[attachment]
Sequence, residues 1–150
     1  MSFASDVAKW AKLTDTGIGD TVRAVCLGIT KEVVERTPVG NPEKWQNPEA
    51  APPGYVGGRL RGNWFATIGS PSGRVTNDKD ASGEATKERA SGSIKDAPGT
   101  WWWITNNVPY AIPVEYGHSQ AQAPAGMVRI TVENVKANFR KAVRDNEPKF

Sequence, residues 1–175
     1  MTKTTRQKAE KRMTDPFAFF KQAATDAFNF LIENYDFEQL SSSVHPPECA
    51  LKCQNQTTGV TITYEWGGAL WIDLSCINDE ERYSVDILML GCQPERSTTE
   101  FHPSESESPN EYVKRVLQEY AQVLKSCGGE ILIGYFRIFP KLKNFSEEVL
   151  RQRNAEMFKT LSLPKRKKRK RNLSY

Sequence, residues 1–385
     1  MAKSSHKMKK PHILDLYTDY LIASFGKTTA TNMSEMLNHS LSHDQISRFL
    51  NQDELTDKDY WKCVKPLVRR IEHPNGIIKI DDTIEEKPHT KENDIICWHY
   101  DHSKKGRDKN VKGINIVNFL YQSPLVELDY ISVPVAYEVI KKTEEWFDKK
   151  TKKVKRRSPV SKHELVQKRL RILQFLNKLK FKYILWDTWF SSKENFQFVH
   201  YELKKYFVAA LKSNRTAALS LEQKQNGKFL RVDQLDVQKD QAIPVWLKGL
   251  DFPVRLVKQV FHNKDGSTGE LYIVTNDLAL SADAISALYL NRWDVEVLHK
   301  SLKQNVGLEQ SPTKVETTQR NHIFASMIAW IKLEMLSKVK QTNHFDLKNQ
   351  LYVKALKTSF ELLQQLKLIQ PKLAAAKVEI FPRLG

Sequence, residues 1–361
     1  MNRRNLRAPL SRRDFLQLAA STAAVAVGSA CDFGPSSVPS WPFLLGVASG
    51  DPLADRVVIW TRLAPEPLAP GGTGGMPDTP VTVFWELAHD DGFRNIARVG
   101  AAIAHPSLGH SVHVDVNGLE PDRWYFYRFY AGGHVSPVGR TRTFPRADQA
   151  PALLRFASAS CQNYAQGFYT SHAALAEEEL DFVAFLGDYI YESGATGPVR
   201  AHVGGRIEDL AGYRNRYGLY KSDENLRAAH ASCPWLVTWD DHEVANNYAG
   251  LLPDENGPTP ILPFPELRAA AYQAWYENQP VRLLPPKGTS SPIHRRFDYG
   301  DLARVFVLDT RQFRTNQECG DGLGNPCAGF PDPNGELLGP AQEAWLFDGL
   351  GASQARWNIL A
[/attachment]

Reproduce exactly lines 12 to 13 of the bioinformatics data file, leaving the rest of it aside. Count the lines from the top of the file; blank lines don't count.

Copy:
    51  NQDELTDKDY WKCVKPLVRR IEHPNGIIKI DDTIEEKPHT KENDIICWHY
   101  DHSKKGRDKN VKGINIVNFL YQSPLVELDY ISVPVAYEVI KKTEEWFDKK